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For Some, Vacation Plans Include Finding New Career

July 29, 2008 06:02 AM
by Anne Szustek
Layoffs and career malaise are among the reasons some professionals are looking to sample a few days in another profession—on and off camera.

30-Second Summary

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Layoffs, impending retirement, and even simple boredom are prompting some to wonder what their lives could have been had they chosen to wander down another career path. Career-counseling companies and television shows are cashing in on the trend.

For as little as $549, VocationVacations offers those feeling trapped in their careers—or those just toying with a change—time to, as company founder Brian Kurtz says, “test drive” a new job. Kurtz says on a CNBC clip, “This economy has been the nudge. It’s been the kick in the you-know-where.”

Many of his clients worked in the mortgage industry. But other “Vocationers” are burned-out legal, medical and IT professionals—sectors relatively untouched by the credit crunch.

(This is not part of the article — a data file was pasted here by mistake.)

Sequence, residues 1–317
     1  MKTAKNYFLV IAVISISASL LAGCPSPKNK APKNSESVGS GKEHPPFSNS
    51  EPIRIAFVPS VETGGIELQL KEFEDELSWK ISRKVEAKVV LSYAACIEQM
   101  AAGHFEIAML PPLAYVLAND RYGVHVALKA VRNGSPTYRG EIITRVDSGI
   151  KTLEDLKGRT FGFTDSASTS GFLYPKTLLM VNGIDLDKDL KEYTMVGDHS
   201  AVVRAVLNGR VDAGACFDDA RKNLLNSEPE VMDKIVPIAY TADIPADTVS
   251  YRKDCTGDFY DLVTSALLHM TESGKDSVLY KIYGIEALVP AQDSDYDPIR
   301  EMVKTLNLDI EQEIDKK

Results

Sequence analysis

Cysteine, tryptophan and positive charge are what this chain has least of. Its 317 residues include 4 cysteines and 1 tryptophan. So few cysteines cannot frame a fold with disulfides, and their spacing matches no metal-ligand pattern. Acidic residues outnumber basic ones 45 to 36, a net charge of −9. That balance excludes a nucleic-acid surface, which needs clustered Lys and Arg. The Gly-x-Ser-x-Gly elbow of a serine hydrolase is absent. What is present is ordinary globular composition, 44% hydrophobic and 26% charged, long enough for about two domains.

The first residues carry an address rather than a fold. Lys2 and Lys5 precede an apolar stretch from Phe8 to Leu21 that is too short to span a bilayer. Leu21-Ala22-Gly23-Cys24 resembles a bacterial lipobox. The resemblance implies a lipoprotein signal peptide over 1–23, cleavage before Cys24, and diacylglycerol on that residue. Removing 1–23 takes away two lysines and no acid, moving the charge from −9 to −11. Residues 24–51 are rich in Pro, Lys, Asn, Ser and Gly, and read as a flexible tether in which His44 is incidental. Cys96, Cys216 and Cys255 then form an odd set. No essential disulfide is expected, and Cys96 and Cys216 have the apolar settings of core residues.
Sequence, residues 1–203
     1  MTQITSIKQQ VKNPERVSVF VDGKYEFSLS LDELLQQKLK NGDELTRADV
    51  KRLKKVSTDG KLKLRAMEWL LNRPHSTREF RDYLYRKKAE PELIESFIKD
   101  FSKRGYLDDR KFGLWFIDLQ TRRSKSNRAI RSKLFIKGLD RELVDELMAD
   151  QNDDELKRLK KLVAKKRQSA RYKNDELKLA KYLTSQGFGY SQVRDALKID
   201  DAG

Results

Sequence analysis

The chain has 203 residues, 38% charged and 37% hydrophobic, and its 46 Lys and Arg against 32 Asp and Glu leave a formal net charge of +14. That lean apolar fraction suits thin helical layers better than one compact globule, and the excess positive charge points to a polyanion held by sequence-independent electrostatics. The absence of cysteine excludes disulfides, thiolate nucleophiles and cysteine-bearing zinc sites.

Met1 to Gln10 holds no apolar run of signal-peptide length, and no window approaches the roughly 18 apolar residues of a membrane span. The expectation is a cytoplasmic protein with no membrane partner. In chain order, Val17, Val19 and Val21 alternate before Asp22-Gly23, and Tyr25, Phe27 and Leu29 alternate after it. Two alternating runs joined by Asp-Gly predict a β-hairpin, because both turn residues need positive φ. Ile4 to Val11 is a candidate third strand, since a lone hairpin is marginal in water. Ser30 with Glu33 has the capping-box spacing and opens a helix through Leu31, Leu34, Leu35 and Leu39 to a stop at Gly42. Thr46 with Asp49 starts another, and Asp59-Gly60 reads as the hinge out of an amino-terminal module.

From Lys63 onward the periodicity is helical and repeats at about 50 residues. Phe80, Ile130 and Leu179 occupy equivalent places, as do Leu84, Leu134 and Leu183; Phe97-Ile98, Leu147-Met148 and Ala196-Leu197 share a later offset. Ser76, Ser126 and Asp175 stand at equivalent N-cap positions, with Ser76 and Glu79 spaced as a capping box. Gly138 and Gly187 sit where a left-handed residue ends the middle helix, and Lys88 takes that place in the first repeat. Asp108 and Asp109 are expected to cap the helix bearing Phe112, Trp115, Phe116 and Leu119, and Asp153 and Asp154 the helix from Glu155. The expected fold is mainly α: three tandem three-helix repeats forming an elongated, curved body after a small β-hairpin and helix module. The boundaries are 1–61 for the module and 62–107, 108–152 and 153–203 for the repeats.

Some baby boomers take up a new career path after facing an ethical impasse. Inc. magazine cited a recent study that showed some 8.4 million baby boomers have taken up “encore” careers, often in social service sectors.

Such was the case for Robert Pondiscio, a former communications executive for BusinessWeek who joined the NYC Teaching Fellows program. “Like many New Yorkers, I'd spent a lot of time thinking about ways to give back in the months following September 11,” he writes.

Others do it for entertainment. Bob Blumer, a former music business manager, hosts “Glutton for Punishment,” a cable program where he learns a new culinary-related trade each a week, such as working as a breakfast line cook and as a Las Vegas bartender.

Headline Link: ‘Vocation Vacations’

Background: Vacationing to work, trying a new persona

Opinion & Analysis: Baby boomers, Gen Xers, look for life change

Reference: Career transitions

Related Topics: Staycation

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